UNITED STATES—Most flowers rely on wind for dispersion of their pollen. The remainder do what they must to attract pollinators. Of these, the majority are visually appealing. They utilize color, form and texture. Some prefer to be more olfactorily appealing instead. They utilize fragrance. Some get creative with a combination of both tactics. They are both fragrant and colorful.

Flowers that are both fragrant and colorful are uncommon only because each tactic uses resources. Concentration of effort into one method of appeal or another is more efficient. Diversification generally occurs among flowers that must compete for pollination within a very diverse ecosystem. Otherwise, most fragrant flowers prefer selective specialization.

Consequently, most of the most fragrant flowers are not remarkably colorful. In fact, some are visually mundane. Where they mingle with more prominent bloom, the more visually evident flowers are likely to get credit for ambient aroma. Although many fragrant flowers are bright white, many more are uninterestingly pallid white. Some can be difficult to find.

All flowers are uniquely specialized.

They are no less specialized than more colorful flowers, though. Dispersion of fragrance coincides with pollinating activity of preferable pollinators. It is no coincidence that many fragrant flowers are most fragrant in the evening or night for nocturnal pollinators who do not pursue color. Some pollinators may appreciate minor ultraviolet or infrared markings.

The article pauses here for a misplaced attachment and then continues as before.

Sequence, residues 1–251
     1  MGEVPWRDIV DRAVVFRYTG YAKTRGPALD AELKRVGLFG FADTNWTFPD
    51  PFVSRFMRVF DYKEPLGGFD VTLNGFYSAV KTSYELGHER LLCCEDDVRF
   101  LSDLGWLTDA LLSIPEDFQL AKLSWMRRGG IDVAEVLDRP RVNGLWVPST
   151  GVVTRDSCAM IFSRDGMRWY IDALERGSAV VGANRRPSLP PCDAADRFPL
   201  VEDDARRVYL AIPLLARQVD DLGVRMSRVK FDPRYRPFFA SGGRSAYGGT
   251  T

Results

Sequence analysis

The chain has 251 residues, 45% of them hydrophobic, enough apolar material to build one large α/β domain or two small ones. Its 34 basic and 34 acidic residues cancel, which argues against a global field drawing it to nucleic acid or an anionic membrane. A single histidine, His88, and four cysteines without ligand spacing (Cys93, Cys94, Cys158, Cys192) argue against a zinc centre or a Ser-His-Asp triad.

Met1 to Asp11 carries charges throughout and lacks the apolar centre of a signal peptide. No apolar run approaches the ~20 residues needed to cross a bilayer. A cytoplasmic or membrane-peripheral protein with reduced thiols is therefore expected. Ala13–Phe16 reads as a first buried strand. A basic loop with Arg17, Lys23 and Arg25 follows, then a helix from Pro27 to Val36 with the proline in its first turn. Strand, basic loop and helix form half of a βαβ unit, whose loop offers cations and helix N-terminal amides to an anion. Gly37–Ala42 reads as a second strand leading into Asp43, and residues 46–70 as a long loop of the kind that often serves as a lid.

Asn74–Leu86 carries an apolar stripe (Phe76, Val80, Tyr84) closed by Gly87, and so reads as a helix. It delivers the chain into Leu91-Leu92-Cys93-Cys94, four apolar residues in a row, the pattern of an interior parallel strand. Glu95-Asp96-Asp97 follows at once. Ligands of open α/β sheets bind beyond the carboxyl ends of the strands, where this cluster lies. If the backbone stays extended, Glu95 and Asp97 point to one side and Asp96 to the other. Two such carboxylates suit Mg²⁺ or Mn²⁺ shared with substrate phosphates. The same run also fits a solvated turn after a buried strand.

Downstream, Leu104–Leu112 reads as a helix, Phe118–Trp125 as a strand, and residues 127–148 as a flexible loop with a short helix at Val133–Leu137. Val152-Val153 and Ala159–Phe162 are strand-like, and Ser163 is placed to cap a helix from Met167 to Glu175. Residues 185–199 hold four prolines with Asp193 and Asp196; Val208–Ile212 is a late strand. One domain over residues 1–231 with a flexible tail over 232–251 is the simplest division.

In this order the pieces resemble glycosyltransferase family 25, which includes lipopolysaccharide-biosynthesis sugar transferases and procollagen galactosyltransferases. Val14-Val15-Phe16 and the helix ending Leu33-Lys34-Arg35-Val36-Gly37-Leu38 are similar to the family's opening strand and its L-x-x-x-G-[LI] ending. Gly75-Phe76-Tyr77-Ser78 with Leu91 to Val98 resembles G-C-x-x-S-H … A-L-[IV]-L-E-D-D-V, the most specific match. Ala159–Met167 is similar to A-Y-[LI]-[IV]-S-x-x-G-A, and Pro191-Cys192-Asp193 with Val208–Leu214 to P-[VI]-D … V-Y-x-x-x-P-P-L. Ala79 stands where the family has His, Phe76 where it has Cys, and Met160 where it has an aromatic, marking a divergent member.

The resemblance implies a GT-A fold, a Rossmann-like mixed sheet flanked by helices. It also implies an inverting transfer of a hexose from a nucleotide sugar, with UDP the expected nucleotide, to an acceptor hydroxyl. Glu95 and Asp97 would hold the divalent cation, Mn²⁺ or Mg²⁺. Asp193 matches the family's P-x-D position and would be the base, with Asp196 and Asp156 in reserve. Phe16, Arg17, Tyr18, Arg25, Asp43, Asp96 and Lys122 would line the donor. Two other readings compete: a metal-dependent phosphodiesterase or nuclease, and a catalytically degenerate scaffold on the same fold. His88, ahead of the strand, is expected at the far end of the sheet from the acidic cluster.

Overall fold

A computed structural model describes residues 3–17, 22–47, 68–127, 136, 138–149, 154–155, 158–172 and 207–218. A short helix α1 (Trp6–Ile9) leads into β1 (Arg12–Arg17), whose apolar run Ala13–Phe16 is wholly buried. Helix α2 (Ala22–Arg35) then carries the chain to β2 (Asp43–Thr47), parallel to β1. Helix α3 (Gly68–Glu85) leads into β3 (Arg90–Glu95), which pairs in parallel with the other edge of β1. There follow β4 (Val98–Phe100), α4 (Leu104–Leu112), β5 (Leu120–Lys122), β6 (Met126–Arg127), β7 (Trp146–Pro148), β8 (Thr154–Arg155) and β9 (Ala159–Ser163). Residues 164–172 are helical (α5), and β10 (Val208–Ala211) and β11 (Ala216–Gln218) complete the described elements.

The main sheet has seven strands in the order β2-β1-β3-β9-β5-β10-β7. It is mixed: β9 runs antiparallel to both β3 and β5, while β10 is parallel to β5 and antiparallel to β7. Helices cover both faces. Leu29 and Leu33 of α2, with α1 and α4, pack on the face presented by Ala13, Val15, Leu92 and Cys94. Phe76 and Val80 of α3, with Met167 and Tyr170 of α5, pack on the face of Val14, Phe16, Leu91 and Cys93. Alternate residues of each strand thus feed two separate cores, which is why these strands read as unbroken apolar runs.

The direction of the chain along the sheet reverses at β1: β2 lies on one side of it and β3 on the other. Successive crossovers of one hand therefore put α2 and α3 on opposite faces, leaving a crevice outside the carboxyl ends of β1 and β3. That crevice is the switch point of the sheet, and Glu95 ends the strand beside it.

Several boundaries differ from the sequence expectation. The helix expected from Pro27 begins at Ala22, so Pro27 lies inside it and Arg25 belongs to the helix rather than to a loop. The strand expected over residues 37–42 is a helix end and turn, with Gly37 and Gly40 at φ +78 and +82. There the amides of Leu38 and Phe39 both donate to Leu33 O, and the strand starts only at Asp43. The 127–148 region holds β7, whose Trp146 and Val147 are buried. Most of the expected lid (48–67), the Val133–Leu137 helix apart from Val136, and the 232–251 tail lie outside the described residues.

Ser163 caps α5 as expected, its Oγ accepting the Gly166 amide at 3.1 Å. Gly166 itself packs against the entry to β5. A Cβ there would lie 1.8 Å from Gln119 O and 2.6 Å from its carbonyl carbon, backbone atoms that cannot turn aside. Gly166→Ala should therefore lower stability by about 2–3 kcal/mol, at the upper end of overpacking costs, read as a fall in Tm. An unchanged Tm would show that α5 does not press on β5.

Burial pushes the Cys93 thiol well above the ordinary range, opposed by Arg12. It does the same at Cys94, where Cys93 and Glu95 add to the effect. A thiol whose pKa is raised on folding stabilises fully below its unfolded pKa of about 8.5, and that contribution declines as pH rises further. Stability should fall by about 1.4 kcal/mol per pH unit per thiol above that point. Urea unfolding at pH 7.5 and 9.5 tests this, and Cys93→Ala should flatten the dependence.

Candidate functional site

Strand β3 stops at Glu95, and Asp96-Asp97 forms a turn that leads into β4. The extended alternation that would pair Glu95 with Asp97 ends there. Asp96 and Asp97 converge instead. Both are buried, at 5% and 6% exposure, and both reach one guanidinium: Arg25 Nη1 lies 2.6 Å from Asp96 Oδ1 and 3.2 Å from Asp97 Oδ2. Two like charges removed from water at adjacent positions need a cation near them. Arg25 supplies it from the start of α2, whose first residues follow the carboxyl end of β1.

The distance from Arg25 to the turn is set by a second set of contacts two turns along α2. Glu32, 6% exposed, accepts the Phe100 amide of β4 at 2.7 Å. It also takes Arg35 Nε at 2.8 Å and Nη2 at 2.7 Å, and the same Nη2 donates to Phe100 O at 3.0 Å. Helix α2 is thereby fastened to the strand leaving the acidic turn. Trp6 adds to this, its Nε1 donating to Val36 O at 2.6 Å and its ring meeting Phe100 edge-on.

Also, fragrant flowers customize their fragrances for their favorite pollinators. That is why floral fragrances are so distinctive. Hummingbirds and most insects prefer rich fragrance during the day. Bats and nocturnal moths prefer sweeter fragrances of nocturnal flowers. Humidity and warmth enhance the activity of most pollinators, as well as floral fragrance.

Fragrant spring bulbs, wisteria, lilac, mock orange and pink jasmine finished blooming in spring. Star jasmine, night blooming jasmine and various pittosporum should continue to bloom sporadically and fragrantly as long as the weather is warm. Sweet osmanthus and sweet box are a bit less fragrant. Gardenia, although finicky, is famously overtly fragrant!

Highlight: Star Jasmine

This jasmine is quite a star. However, this star is technically not a jasmine. Star jasmine, Trachelospermum jasminoides, is instead related to mandevilla and oleander. For many years, it has been one of the most popular vines for home gardens as well as large scale landscapes. It works well either as a ground cover, or as a relatively docile climbing vine.

As ground cover, star jasmine gets about two feet deep. It will be lower and more refined with shearing, but will likely bloom less. It tries to climb shrubbery and trees, so will need exclusionary pruning. However, on a chain link fence, star jasmine works splendidly as a shorn faux hedge. It grows fast to more than 10 feet high, but can get significantly higher.

The richly fragrant bloom is most profuse about now, and can continue sporadically until autumn. The inch wide and bright white flowers are shaped like stars, and hang in small clusters. After bloom, the distinctly glossy and dark green evergreen foliage is handsome alone. Individual leaves are a bit longer than two inches and a bit broader than one inch.

Horticulturist Tony Tomeo can be contacted at tonytomeo.com.